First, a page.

In late October, 10 women graduated from a special program at the
New Hampshire State Prison for Women
. This program is not the typical job placement and counseling program one might expect at a women's prison. Instead, over the course of 10 weeks, these women learned some solid fiscal concepts, such as how to read a financial newspaper, how to save and plan for the future, the importance of paying yourself first and the value of compounding.
The architect of this unusual program is Robin Dayne, a daytrader in Nashua, N.H., who's known for her training and coaching
prowess. But she also has a much bigger vision for her program, one that entails getting other traders to help. Eventually she'd like to see the program expanded to include a legal-aid fund and a halfway house for these women so they will always be able to seek advice and help. Currently her agreement with the state precludes her from contacting them after they are released.
"My mission is helping these women," she says. "Trading is the vehicle that creates the cash that goes into this mission."
She was inspired with the idea for the program by a prison employee who attended a seminar with
, the self-help guru and Dayne's former employer. Financial aspects are incorporated into a learning regimen based on Robbins' 30-day Personal Power program. Although Dayne's New Hampshire program is relatively small-scale, six groups of women have gone through it since April 1998, and it may become a model for others. Women wanting to start similar programs in Minnesota, Florida and Washington, D.C., have been in touch with Dayne for more information, she says.
The goal of the program is to teach these women -- some serving time in the maximum-security facility for felonies such as murder, and most suffering from low self-esteem -- to prepare for a future life outside prison. "They have the capability," Dayne says. "This is something they can learn."
To teach the concept of buying low, for example, the women chart one stock over the course of a month, say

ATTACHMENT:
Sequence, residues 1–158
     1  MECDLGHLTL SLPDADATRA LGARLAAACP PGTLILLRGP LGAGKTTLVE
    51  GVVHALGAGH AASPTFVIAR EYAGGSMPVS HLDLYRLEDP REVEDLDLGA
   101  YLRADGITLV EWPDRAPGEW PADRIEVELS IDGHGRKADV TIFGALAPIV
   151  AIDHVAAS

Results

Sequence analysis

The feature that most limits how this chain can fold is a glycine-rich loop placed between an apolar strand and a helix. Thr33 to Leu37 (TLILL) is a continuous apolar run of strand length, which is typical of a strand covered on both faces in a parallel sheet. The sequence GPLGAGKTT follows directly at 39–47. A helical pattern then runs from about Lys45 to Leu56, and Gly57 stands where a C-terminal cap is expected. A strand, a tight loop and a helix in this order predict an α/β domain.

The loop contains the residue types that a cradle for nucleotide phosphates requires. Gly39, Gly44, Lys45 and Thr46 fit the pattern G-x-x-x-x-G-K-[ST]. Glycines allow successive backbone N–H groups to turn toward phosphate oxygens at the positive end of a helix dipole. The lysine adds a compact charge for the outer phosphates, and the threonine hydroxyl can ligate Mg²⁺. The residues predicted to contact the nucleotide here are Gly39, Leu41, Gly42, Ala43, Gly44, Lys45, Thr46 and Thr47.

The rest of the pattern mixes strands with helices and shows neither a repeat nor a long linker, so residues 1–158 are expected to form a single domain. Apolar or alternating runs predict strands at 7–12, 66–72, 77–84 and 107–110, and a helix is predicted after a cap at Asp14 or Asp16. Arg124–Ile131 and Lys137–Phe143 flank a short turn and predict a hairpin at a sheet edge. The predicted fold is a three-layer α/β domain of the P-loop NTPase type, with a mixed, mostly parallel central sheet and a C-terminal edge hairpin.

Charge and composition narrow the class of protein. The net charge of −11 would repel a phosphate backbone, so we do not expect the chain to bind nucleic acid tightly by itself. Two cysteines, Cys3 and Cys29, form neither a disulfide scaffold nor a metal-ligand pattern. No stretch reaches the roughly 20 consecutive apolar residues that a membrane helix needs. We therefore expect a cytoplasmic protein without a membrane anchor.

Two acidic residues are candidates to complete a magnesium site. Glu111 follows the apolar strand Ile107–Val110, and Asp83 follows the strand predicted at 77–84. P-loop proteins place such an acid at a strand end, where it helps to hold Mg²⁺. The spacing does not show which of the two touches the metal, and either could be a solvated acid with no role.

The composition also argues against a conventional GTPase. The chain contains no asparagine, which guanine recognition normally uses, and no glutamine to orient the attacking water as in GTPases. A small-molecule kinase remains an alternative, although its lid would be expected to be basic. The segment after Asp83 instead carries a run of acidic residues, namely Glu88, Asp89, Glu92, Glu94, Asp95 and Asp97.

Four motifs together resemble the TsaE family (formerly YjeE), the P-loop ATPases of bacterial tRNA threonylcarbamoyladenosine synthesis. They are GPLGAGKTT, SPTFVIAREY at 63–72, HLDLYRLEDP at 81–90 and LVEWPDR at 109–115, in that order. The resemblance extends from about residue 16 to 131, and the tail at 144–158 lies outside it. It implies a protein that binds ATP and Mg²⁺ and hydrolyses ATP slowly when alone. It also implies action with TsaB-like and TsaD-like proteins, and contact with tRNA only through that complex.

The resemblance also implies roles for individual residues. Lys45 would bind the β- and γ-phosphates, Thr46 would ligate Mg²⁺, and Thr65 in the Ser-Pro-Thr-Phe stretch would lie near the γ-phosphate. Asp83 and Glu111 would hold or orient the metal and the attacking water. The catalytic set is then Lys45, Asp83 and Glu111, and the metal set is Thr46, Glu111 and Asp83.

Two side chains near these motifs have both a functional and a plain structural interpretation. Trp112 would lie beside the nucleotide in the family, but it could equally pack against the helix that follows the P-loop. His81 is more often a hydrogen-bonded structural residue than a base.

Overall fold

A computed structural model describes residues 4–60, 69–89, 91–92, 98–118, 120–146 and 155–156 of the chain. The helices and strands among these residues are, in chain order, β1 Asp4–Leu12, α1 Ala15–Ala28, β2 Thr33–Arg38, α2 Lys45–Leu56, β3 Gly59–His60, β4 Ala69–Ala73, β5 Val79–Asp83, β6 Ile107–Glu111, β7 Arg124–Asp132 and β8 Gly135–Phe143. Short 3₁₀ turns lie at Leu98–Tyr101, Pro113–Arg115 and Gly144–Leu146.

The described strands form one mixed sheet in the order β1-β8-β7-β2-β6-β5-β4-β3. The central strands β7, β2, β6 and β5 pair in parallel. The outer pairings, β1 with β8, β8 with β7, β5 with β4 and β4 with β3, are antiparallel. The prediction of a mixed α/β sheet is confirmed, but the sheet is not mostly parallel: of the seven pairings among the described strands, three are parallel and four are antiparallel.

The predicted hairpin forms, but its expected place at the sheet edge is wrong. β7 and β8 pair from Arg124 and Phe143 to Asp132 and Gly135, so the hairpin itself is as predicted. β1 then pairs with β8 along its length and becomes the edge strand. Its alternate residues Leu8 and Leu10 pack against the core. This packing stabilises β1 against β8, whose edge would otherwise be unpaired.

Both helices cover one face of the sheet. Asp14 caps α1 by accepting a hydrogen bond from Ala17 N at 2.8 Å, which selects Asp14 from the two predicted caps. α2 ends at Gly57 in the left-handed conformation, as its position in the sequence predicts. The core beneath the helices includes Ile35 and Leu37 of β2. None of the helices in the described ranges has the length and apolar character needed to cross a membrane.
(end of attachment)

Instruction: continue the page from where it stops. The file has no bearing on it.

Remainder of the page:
, for example. After discussing the concept of buying low and selling high, the women are asked to look at the graph and determine when would have been the best time to buy the stock, Dayne says. She has also donated several books to the prison library, such as
Investing for Dummies
Ultimately, she plans to establish a fund to help with defense or appeals and a halfway house for these women, some of whom have been abused throughout their lives. She is still in the midst of establishing her own business coaching traders, but "once
it is really cooking," she'll have a pool of people who hopefully will be willing to help. "My goal is to get a whole bunch of traders who will, for a day or a half-day, trade for the fund," she says.
Her current business -- she's coached about 1,500 people -- is laying the foundation for her future endeavors, she says. In the meantime, she'll continue to inspire women like the one she says has become a role model in the prison. Incarcerated for murdering her husband after taking years of his abuse, this woman needs cash for her defense, Dayne says.
"She makes some ridiculous amount of money, maybe $5 per week," Dayne says. But the woman, who's earning an accounting degree while in prison, is saving that money and investing in shares through her mother. "Maybe in a year and a half, she'll have enough money to buy an attorney again."
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